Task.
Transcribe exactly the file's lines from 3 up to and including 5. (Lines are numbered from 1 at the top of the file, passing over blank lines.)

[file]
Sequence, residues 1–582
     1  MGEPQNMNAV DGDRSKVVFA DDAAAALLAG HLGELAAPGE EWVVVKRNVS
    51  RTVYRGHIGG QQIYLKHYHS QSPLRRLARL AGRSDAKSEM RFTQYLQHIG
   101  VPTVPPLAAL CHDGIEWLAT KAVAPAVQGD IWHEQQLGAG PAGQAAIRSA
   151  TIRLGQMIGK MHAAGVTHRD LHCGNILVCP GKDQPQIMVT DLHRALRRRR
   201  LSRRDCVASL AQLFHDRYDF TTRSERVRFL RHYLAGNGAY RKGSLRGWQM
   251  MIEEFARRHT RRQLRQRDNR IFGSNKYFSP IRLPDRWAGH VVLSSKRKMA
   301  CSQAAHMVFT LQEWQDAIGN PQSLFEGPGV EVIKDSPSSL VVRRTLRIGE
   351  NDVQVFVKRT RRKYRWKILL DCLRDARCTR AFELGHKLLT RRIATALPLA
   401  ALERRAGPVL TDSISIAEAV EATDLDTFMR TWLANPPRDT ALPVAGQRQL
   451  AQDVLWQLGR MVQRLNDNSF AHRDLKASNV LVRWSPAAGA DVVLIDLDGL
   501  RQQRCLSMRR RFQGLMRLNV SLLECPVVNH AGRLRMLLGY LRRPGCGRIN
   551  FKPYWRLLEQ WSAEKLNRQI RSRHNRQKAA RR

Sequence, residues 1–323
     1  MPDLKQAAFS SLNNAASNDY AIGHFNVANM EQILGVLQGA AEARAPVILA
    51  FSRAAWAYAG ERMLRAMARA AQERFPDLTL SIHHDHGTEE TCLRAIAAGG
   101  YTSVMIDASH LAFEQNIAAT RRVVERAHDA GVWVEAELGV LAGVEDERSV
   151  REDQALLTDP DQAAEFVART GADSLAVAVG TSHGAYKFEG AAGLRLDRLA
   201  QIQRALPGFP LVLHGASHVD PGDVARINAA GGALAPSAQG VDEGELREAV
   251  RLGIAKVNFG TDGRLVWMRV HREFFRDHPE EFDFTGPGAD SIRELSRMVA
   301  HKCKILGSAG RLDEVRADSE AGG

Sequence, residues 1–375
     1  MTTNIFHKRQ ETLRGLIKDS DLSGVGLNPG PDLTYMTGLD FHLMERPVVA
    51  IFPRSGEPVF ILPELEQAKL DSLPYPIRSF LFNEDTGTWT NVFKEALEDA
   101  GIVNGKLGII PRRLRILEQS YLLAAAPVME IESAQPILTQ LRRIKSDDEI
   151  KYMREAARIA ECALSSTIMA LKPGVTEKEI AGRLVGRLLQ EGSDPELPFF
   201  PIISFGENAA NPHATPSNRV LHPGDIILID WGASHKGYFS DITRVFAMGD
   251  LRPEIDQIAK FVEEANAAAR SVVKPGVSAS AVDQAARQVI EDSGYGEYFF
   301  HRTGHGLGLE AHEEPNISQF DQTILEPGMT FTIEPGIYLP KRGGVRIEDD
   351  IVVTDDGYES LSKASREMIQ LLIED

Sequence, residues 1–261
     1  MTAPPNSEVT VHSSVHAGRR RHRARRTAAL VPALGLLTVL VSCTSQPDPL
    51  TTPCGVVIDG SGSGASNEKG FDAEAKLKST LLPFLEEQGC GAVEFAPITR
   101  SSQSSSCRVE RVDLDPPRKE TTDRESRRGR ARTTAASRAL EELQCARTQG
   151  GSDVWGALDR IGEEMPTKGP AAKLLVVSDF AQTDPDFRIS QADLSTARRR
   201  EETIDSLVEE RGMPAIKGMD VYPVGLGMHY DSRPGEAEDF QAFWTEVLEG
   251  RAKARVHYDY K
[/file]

    51  RTVYRGHIGG QQIYLKHYHS QSPLRRLARL AGRSDAKSEM RFTQYLQHIG
   101  VPTVPPLAAL CHDGIEWLAT KAVAPAVQGD IWHEQQLGAG PAGQAAIRSA
   151  TIRLGQMIGK MHAAGVTHRD LHCGNILVCP GKDQPQIMVT DLHRALRRRR